[Entrance to the] Small Sar Bahau Temple, [Gwalior]
Medium: Photographic print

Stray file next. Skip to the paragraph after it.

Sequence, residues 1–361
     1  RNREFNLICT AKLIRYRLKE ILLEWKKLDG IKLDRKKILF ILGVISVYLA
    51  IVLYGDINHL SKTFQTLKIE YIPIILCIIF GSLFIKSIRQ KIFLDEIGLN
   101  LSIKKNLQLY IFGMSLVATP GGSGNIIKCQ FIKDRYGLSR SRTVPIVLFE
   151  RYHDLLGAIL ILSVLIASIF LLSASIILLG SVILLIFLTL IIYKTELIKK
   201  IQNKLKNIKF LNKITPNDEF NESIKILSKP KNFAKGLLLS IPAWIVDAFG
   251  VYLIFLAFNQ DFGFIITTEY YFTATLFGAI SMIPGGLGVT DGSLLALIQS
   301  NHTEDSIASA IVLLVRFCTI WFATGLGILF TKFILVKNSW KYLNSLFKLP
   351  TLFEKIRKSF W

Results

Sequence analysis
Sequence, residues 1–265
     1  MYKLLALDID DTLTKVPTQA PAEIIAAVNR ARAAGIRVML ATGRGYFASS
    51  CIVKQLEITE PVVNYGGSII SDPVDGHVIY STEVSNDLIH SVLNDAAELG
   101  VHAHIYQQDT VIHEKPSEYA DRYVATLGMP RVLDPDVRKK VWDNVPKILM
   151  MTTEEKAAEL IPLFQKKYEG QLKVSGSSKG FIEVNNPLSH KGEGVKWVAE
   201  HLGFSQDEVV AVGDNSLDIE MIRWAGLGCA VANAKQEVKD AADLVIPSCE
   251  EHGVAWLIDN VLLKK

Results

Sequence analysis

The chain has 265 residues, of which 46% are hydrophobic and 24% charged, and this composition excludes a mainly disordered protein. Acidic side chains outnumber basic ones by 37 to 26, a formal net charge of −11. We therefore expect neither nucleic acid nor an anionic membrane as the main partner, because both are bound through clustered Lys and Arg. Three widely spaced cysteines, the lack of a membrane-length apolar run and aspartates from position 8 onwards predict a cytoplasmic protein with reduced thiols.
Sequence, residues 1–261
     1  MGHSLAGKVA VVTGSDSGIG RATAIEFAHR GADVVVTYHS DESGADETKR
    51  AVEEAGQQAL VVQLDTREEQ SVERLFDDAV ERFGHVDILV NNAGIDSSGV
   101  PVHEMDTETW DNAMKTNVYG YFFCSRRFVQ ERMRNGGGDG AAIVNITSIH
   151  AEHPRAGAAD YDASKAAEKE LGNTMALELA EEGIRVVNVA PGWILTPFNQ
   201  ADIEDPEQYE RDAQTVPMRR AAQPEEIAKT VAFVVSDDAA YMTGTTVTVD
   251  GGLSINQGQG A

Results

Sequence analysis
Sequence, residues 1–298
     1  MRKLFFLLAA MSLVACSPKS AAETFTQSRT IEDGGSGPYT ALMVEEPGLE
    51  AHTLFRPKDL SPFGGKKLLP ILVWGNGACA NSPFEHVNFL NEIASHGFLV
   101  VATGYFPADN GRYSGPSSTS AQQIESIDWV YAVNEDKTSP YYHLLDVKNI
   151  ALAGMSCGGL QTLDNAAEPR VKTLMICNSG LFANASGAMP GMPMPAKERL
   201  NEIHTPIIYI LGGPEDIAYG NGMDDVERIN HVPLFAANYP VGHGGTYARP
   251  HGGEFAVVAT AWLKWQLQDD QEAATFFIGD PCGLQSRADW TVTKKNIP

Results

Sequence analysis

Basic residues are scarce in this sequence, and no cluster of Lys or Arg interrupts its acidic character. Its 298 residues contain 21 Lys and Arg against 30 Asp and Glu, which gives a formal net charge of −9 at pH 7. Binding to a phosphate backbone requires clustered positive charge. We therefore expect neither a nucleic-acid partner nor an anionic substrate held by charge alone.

Photograph of the entrance to the small Sasbahu temple at Gwalior in Madhya Pradesh, taken by an unknown photographer in c.1882, part of the 'Gladstone Collection. The mighty hill fortress of Gwalior holds some fine examples of Indian temple architecture. In the eighth century the Pratiharas built the Teli-ka-Mandir and their 10th-11th century successors, the Kacchapaghatas, erected the two Vaishnava Sasbahu temples. They stand on a fortified bluff overlooking the town of Gwalior. 'Sas' meaning mother-in-law and 'bahu' meaning daughter-in-law, were the popular epithets for the temples because one was large (the mother-in-law) and the other was small (the daughter-in-law). A long inscription in the porch of the larger temple indicates that they were begun by King Padmapala (1085–93) and completed in 1093 by his son Mahipala (1093–1105). The smaller temple stands on an ornate platform and consists of an open porch with balcony seating and a pyramidal roof. The sanctuary has not been preserved but the doorway, seen in this view, is intact. It is decorated with finely etched foliate decoration.